TYGES Insights

The Evolution of Interest

I find myself scratching my head at times when it comes to the pace and process of interviews and hiring.

Imagine for a minute that you are gainfully employed in a job that you enjoy, and working for a pretty good employer. Of course, things could always be better but you aren’t planning to make a job change anytime soon and you certainly don’t have your resume pasted all over the internet. 

Now further imagine that you get a call from me. I tell you about an opening that fits your knowledge, skills & experience really well. It’s a local position and the employer looks like a pretty good place to work with good future prospects for growth and advancement. Maybe it’s a step up in terms of scope of responsibility, title, or compensation. I send you details and you do some due diligence and things look promising. You discuss it with your spouse and agree that this is worth pursuing a little further. So you give me the green light and we put your credentials in front of the potential employer.

At this point, if I asked you what your interest level is on a scale of 1 to 5 with 5 being strongest you would say maybe a 3 or 4 out of 5. There are a lot of questions yet to be answered but you are excited to explore this further. 

There are two scenarios here that I see every day as I work with clients and individuals we recruit.

Scenario 1 – The client provides timely feedback, schedules an initial interview and we begin the process. You have a good first interview and tell me you are a 4 out of 5 in terms of interest. We receive timely, positive feedback from the client and schedule you for a 2nd meeting. Post-interview you tell me that you are a 5 out of 5 in terms of interest. The client gets back to us quickly and says they want to extend an offer.

Scenario 2 — The client does not provide timely feedback and drags their feet on scheduling an initial interview. A week or more goes by and we finally get something set up. You have a good first interview and tell me you are a 4 out of 5 in terms of interest. The client continues to be difficult to reach and does not provide much if any feedback. Eventually, after a week or more we agree to a 2nd meeting. Post-interview you tell me that you are a 5 out of 5 in terms of interest. The client gets back to us after a week or more and says they want to extend an offer.

Keep in mind that you have a good job, aren’t actively looking, and were contacted by me with the idea that this would be a career-enhancing move.  Do you think the pace of the interview process, timeliness of feedback, and overall responsiveness of the client will influence your decision to make the job change? Of course, it will. There has to be some lingering doubt as to why this potential new employer is so slow to respond and make decisions.  That implies more risk for you in terms of job change and increased risk must be offset by the prospect of increased reward.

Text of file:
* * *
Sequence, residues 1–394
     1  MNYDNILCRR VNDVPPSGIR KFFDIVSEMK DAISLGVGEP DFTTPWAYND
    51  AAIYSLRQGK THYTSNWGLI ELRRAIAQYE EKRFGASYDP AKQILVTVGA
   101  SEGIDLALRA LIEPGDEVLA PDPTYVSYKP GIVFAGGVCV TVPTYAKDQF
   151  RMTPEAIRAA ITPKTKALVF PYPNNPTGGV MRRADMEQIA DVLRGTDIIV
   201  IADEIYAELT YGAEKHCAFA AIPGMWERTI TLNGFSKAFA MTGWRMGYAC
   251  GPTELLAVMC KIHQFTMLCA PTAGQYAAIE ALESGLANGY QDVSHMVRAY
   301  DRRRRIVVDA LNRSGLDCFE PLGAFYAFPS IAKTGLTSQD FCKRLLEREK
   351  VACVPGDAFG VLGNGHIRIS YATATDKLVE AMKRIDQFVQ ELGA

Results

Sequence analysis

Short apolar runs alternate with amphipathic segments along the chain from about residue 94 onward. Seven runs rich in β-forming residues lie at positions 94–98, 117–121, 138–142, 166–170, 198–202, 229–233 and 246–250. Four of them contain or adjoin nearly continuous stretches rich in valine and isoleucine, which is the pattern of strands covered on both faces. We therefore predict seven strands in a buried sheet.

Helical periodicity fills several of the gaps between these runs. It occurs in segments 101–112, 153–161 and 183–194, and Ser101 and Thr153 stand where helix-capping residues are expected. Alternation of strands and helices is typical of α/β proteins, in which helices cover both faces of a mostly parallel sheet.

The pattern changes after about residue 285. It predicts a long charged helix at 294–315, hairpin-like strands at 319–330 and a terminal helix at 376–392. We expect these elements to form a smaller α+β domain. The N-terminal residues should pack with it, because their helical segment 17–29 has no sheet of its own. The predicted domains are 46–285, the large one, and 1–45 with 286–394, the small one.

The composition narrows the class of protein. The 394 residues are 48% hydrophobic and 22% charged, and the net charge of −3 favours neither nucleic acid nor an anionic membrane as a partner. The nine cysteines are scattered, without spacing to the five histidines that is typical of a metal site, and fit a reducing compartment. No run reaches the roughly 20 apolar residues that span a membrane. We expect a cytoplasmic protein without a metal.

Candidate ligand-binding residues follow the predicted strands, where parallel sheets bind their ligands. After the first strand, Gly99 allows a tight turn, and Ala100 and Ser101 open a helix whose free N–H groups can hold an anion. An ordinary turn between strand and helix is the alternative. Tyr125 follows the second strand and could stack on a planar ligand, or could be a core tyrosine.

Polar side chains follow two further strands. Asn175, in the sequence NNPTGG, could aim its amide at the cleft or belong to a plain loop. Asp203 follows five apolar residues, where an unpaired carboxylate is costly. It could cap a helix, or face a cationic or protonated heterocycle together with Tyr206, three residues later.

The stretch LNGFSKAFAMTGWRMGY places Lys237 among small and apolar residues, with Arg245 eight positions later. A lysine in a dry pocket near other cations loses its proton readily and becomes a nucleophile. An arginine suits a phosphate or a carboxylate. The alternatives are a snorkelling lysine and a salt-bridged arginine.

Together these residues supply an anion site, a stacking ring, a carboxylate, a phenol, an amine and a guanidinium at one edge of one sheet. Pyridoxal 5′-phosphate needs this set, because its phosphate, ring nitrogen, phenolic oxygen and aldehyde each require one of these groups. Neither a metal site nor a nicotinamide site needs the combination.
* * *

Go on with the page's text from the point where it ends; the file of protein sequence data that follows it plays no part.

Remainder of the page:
I don’t know how the two stories end but I can say I see both of these in my daily work and I think a lot about how easy it would be to slide from one Scenario to the other. I do my best to mitigate these types of issues as a recruiter but there is only so much I can do. The takeaway here is that the hiring process matters. The pacing, process, and overall structure are important. Before you set out to hire you should have a good plan. If passive candidates don’t feel the warm fuzzy during the process there’s a good chance you will lose them.

Steve Sanders

Written by: Steve Saunders, VP/GM of Industrial

Steve Sanders leads the Industrial Recruitment team at TYGES and has
been with the organization since 2003. Prior to joining TYGES, Steve
worked in engineering and supply chain roles with Honeywell International
Inc. and Deere & Co. He has first-hand experience working in the
automotive, chemical, and off-highway equipment manufacturing industries.

Steve’s philosophy is simple. He demands honesty, integrity, and open
communications from both himself, his clients, and the candidates that he
works with. He strives to be a source of competitive advantage to his clients
and seeks to build strategic partnerships. He is committed to exceeding
customers’ expectations by providing quick, professional service. He
believes in sharing both the good and the not so good. He believes in doing
the right thing, even when it is not the easiest path. Steve is energized by
finding that perfect fit individual and introducing them to the client.

We’re here to make good things happen for other people.

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Picture of Written by: Leah Bryant

Written by: Leah Bryant

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